Most fans of Spider-Man, either through the comics or the recent string of successful movies, are familiar with the phrase "with great power comes great responsibility." The phrase is so ubiquitous that Weird Al is able to say in one of his parodies, "if you missed it, don't worry, they'll say the line again and again and again"! After learning a harsh lesson early in his career, Spider-Man resolves to use his power for good whenever and wherever he can.
It's a good phrase. A good moral lesson for our time. I wish that more people seemed to share it.
I've taken to playing the classic game, Risk, quite a bit recently. My family has a now-legendary tale to tell from last Christmas, where I picked up a game already in progress with my nephew. His great-uncle had been playing with him, and was doing rather poorly, but it was getting late, and so he decided to turn in, leaving it to me to serve as "custodian" of his failing empire until it could finally be defeated.
The game lasted several more hours, until just before sunrise, when my nephew finally threw in the towel, needing to get some sleep before his parents woke up again. By the time this happened, I had successfully taken the small army I inherited to take over the bulk of my nephew's forces. The writing was on the wall, but it would likely have taken several more turns to finally finish him off.
My more recent attempts to play Risk have always been on the computer, which goes considerably faster than the board game version. I don't always win, but I think I've figured out more or less how to strategize the game to its greatest potential. Because the game allows a player to continue attacking indefinitely, so long as one has enough troops, and an adjacent enemy country to send them to, one can do considerable damage so long as one doesn't fight oneself into a corner. The other important element is the use of the cards. These represent technological advances, and when played, grant an immediate boost in the number of troops one gets. If you can survive long enough to be able to play your cards, you can turn the tables around very quickly. Moreover, if you completely destroy one of your opponents, you get all of their cards, as well, enabling you play a set again in the near future (Of course, this element did not come into play in the 2-player game with my nephew).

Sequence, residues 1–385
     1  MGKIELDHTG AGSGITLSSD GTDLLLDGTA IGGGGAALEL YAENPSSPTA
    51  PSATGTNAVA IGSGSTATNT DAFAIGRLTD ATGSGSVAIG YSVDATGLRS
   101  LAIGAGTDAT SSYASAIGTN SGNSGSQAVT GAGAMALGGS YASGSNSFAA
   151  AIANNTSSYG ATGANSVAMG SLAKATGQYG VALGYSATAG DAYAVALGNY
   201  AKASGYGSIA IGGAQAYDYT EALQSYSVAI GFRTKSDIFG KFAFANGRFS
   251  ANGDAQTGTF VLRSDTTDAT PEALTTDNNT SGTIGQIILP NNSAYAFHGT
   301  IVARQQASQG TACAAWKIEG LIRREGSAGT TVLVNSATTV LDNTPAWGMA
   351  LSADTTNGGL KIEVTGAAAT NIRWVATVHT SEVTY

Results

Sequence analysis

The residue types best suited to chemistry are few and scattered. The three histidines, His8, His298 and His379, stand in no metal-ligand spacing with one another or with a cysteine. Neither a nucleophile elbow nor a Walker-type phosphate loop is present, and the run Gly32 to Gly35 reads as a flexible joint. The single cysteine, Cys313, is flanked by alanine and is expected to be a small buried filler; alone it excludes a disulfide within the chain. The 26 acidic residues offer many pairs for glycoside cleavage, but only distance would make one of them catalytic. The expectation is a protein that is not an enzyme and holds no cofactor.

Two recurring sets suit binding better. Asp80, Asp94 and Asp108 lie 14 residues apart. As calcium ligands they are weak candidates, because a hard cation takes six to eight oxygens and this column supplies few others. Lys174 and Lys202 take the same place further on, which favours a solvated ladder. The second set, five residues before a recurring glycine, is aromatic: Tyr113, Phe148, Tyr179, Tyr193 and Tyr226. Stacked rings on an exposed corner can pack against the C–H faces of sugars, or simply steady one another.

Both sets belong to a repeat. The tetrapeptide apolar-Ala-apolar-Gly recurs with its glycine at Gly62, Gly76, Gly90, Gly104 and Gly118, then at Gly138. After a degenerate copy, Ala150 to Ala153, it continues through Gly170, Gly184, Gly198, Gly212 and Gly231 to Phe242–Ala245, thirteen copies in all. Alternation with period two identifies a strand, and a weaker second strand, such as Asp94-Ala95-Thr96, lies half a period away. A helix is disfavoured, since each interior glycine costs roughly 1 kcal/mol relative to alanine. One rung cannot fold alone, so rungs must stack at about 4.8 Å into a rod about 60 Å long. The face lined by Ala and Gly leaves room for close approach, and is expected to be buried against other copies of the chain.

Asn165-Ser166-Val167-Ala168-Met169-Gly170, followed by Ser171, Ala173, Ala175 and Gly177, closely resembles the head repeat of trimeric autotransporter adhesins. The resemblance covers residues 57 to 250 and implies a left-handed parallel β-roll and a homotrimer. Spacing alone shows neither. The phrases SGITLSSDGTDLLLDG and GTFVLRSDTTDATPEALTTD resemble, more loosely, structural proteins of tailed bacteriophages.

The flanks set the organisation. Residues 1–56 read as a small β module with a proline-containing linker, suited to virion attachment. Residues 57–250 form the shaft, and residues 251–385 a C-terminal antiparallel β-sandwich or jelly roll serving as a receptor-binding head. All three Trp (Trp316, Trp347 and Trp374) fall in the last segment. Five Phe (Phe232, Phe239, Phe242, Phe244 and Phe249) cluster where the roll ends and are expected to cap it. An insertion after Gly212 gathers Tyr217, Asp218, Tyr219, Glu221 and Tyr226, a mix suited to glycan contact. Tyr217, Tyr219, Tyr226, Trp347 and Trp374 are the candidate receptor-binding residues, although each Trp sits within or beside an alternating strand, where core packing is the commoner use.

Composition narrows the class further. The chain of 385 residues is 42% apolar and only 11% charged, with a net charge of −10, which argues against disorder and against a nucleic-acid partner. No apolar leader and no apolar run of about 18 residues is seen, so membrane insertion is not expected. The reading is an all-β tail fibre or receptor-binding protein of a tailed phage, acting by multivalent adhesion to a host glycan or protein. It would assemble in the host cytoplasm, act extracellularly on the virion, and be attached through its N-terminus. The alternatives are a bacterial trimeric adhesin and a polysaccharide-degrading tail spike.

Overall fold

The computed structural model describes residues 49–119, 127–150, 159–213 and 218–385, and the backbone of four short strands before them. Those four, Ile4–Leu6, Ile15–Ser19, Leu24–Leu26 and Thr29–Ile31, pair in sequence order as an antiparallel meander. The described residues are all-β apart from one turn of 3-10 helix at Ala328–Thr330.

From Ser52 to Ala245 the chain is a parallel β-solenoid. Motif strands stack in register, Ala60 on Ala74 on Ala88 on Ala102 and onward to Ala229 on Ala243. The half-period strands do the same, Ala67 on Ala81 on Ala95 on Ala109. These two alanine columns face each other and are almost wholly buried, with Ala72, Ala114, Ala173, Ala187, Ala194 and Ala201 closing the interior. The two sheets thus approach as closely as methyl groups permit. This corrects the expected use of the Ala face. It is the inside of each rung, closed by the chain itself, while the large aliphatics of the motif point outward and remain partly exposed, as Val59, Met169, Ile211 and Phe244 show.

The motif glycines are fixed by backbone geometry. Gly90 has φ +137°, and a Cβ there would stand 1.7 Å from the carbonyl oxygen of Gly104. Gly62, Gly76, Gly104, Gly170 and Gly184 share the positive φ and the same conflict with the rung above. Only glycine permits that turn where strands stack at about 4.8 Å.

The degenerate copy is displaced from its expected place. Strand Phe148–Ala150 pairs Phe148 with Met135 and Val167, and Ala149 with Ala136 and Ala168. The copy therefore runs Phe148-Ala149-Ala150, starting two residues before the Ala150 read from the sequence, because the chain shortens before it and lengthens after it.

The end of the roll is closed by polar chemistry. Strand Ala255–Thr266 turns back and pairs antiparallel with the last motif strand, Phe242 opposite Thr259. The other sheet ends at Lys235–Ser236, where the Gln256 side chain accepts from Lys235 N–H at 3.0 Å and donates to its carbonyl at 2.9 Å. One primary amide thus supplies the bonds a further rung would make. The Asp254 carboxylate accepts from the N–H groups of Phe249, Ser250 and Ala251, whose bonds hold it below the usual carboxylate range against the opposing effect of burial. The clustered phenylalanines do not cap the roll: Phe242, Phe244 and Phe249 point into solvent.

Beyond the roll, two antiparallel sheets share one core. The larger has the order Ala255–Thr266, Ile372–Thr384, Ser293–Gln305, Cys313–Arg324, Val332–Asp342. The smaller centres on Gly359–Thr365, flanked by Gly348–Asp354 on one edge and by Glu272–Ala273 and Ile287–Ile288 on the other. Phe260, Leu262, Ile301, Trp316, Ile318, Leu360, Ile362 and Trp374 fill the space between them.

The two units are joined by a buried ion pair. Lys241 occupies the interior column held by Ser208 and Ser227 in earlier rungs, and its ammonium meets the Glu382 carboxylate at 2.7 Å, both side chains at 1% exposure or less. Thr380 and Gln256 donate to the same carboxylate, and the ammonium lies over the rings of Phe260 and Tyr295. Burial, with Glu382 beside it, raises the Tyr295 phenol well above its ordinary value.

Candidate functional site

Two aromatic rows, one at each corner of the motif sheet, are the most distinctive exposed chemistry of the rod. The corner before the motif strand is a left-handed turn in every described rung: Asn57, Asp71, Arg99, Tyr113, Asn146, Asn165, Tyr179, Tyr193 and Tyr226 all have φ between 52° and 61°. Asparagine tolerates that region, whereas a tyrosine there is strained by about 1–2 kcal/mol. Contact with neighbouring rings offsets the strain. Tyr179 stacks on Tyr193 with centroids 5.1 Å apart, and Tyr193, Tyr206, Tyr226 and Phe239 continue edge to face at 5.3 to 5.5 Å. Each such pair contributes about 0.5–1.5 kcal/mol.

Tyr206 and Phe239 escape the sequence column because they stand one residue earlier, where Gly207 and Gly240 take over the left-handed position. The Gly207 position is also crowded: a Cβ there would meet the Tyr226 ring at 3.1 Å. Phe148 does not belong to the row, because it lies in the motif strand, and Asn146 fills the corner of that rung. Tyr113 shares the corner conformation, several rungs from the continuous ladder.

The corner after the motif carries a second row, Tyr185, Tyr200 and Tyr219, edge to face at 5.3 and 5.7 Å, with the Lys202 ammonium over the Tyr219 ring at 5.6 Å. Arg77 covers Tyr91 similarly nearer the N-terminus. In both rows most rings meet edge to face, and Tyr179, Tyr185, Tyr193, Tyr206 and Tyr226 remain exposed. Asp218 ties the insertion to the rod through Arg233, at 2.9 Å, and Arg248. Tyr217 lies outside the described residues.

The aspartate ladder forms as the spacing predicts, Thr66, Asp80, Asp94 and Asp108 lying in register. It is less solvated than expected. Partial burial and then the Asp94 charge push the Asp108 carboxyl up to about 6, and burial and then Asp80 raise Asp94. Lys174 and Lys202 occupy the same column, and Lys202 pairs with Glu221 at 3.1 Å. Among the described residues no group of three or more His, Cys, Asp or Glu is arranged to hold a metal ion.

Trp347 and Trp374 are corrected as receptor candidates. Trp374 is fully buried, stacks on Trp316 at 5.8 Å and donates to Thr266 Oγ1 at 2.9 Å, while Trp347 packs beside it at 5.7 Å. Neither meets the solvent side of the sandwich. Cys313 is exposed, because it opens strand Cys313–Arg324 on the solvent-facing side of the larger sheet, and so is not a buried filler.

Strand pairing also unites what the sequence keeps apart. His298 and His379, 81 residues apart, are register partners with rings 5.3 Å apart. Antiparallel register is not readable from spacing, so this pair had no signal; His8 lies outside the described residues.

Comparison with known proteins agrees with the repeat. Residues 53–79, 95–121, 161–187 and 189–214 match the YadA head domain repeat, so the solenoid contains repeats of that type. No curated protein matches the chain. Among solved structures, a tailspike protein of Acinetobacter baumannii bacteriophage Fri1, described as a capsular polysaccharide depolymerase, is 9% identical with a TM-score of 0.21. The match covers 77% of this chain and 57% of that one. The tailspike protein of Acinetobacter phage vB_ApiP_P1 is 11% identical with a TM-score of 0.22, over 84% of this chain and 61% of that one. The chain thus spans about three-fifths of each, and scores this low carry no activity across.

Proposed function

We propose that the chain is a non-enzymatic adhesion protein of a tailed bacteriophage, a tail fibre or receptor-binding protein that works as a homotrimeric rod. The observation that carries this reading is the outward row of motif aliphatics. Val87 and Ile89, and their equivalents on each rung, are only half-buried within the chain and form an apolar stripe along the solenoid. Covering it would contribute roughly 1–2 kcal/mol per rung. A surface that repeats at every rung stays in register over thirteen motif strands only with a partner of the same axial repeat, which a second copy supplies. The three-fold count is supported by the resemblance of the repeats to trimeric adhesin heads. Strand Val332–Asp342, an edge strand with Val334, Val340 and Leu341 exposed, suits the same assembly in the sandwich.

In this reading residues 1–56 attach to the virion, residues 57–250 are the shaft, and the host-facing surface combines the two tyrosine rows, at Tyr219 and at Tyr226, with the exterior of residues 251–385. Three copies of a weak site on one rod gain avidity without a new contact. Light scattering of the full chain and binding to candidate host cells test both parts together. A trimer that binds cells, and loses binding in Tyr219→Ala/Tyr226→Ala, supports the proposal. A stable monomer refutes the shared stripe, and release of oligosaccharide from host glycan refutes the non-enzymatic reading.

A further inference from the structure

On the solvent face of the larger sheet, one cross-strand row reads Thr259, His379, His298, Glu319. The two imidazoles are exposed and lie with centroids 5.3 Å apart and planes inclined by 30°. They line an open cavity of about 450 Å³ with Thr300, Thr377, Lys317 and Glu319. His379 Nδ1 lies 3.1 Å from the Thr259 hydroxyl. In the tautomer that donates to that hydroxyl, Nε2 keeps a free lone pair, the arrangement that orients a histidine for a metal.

Since troops are given at the beginning of a player's turn based on the number of countries one possesses, it is quickly apparent that whoever has a greater number of countries gets a greater number of troops, thereby enabling them to take over other countries with greater efficiency. If this is coupled with the extra cards one receives for destroying one's opponents completely, it becomes quickly apparent that whoever is leading at any point in the game has the odds tipped rather heavily in their favor to win the game entirely. Other players have little recourse but to try to survive long enough to get a lucky card draw (and it's concomitant boost in troop levels), but this becomes more difficult the more other players are annihilated, since the leader is better able to play card combinations earned through this tactic.
I'm afraid that life seems to be more like Risk than it is like the Spider-Man series. More often, people with great power use that power to achieve even greater power, rather than to "responsibly" help other people. That's not to say that it's impossible for someone in a "lower" power position to achieve better, but more often than not this accomplished through a fortuitous turn of events rather than from any effort on the "power deficient" person's part. While the person in the lower position can do certain things to improve his/her position (and by all means should do all he/she can), it remains much more difficult for such a person to do anything to improve his/her position than it is for the person who already has great power. And if the powerful person continues to use his/her power to achieve more power, rather than using it to help those who have less power, the situation is only made worse.
I wish there were more people like Spider-Man out there, who use their great powers to help others. It doesn't help matters that Spider-Man is a fictional character. We need people with his philosophy in the real world. But if more people did follow his motto, "With great power comes great responsibility," the world would certainly be better off for it.